- Agronomic: barley, corn, rice, rye, spelt, sunflower, wheat
- Crop Production: crop rotation, application rate management
- Education and Training: demonstration, display, farmer to farmer, mentoring, networking, on-farm/ranch research, workshop
- Farm Business Management: whole farm planning, new enterprise development, community-supported agriculture, marketing management
- Production Systems: agroecosystems, holistic management, organic agriculture, transitioning to organic
- Sustainable Communities: local and regional food systems, sustainability measures, community development
Pioneer Valley Heritage Grain, as a non-profit, has sought to address the re-establishment of community-based grain, bean, and seed production through a direct collaboration between Pioneer Valley farmers and the Pioneer Valley community. By linking farmers in need of new markets with a community eager to buy local staple foods, we have brought together the synergistic underpinnings of a new and profound market. Our Grain and Bean CSA is the only one in the Northeast (and only the second in the country). It is a model we hope to help other farms embrace and adopt. CSAs are an alternative consumer-producer relationship that revitalizes local economies, preserves farmland, nourishes whole-being health, and sustains local food systems. The problem is that we no longer have the regional food sheds that, throughout the course of history, have been our primary means for sustenance and security. Consolidated industrial food systems have undermined this long-standing agricultural heritage, and it is now time for a shift back to a more localized/regionalized food supply. As world-wide grain reserves have continued to fall, populations and demand have continued to grow, and the water supplies our current worldwide production depends on is being sharply decreased by climate change and overuse, there could be no more critical a moment to address this by re-establishing community-based staple food production (grains and dried beans). The massive, subsidized and widely distributed wheat production of the Midwest undercuts the economic opportunities of smaller-scale and climatically under advantaged wheat growers in New England. Up until recently, a consumer focus on cheap food as well as the low price of oil has kept wheat production out of the North East. Expensive land has made corn – with its significantly higher yields of 150 bushels per acre versus 40 bushels per acre for wheat – a more financially viable crop for this region. As a result, the infrastructure needed for grain processing and storage, as well as any research and development of varieties suitable to New England have been forfeited.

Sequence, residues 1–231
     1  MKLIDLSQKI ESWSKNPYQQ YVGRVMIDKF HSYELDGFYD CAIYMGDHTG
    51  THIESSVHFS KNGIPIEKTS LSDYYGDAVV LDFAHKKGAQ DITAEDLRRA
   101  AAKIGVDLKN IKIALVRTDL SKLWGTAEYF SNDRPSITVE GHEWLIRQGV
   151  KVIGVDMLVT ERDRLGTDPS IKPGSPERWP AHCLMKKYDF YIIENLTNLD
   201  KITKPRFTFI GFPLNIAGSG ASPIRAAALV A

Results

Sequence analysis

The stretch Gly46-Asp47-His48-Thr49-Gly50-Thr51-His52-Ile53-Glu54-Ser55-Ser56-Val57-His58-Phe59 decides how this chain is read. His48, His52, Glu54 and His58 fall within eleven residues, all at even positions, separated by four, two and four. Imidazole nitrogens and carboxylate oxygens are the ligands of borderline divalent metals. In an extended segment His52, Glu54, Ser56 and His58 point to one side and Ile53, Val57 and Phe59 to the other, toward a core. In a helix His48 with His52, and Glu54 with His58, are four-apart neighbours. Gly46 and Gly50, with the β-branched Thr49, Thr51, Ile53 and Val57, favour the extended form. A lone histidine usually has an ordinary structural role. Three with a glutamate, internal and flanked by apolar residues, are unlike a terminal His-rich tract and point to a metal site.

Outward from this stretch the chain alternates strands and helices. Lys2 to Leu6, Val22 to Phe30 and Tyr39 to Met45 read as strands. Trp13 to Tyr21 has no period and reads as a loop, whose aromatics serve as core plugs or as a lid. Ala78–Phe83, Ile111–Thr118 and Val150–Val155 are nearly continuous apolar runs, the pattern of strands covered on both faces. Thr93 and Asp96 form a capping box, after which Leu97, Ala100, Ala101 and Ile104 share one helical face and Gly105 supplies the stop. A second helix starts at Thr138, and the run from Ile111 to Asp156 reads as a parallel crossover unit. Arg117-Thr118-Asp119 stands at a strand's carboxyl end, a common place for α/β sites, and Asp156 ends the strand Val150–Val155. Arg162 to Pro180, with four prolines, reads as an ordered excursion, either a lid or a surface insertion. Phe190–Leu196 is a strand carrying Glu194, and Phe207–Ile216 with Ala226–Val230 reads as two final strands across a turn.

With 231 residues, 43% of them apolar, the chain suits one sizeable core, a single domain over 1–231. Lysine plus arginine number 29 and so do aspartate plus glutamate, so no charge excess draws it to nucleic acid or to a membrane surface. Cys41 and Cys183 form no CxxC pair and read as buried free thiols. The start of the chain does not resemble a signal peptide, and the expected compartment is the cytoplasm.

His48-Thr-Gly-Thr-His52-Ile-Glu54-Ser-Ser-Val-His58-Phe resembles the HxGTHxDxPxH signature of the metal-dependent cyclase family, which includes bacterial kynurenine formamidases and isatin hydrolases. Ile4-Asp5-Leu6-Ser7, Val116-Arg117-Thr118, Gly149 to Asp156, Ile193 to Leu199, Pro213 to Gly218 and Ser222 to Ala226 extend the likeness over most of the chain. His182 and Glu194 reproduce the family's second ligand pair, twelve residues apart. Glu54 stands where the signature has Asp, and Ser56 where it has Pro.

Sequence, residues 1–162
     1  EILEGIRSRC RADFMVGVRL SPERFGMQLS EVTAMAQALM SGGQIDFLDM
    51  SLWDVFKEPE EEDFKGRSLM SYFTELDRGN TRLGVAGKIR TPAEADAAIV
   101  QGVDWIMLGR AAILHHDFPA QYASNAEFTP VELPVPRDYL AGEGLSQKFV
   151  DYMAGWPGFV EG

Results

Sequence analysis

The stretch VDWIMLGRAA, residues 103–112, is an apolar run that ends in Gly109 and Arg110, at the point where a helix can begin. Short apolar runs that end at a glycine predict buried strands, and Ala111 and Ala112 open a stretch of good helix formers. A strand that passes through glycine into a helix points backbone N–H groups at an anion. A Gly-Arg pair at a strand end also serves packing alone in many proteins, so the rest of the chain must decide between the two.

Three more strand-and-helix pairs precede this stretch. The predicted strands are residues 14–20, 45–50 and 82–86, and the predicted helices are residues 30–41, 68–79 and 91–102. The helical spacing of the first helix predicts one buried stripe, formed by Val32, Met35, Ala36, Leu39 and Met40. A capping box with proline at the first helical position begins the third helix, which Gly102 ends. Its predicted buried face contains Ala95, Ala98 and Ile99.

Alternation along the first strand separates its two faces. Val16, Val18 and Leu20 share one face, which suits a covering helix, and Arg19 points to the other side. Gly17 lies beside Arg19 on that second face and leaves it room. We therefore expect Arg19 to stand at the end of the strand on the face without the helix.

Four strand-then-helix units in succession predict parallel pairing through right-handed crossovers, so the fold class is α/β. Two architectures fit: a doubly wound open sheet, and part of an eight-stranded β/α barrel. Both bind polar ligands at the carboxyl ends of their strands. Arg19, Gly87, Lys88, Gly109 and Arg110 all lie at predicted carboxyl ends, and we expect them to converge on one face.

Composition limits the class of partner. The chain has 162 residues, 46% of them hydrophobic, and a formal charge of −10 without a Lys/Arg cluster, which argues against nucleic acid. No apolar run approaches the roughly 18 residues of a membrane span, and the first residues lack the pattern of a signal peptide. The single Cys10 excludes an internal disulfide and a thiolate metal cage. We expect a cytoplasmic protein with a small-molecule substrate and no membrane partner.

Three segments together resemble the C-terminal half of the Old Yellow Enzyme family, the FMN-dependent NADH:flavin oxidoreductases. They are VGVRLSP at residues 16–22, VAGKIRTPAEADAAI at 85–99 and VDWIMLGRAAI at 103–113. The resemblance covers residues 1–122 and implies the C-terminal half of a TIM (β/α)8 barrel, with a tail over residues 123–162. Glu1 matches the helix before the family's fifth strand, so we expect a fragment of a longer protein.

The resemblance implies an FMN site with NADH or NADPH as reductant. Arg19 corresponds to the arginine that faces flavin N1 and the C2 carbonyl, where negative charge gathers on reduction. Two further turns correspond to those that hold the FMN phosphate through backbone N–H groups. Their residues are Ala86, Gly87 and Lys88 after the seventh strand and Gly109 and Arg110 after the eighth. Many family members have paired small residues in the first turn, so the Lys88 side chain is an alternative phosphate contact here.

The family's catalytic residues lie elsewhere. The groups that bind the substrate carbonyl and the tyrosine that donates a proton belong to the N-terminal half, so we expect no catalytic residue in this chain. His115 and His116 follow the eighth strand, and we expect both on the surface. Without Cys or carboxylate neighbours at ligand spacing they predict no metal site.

Project objectives from proposal:
Through the creation of a grain, dried bean, and seed CSA, we have increased the income and financial security for farmers, while re-introducing nearly a dozen staple food crops (wheat, oats, barley, rye, spelt, emmer, dent corn, dried beans, flax, sunflowers, etc) that for the past hundred years have seen little or no activity in the Pioneer Valley, in the field or on the plate. This is especially important in Massachusetts, which imports about 85% of its food consumption” (Sanneh, 2000). For the average American, who consumes over 125 pounds of flour a year, wheat is a product with an influential market. In our first year, we worked with seven farmers, helping to source seeds; providing production, processing, and harvesting assistance in conjunction with the New England Small Farm Institute and the MAIC/MDAR grant (“Pioneer Valley Grain Growers Business Development Project”); organized marketing, sign-ups, and distribution of PVHG CSA shares and local bread shares.
Our plan for 2010 is to expand on last year’s success, by increasing production for our CSA from 30 acres to 50 acres, and doubling our membership from 125 families to 250 families. We will continue to assist other Pioneer Valley farms, by helping to source seed, providing education on production techniques, and assisting with harvesting, cleaning, and marketing. In 2009, two farms produced grains and beans for the CSA; in 2010, we plan to increase that to four farms. In 2009, Ben Lester, Arnie Voehringer, Alan Zuchowski, and Adam Dole participated in various workshops around New England, seeking out information and mentors from regional grain growers. This year we will apply that knowledge, including the potential use of windrowing, a windrow pick-up head on the combine, frost-seeding of clover for winter grains, post-emergence seeding of clover on spring grains, and more.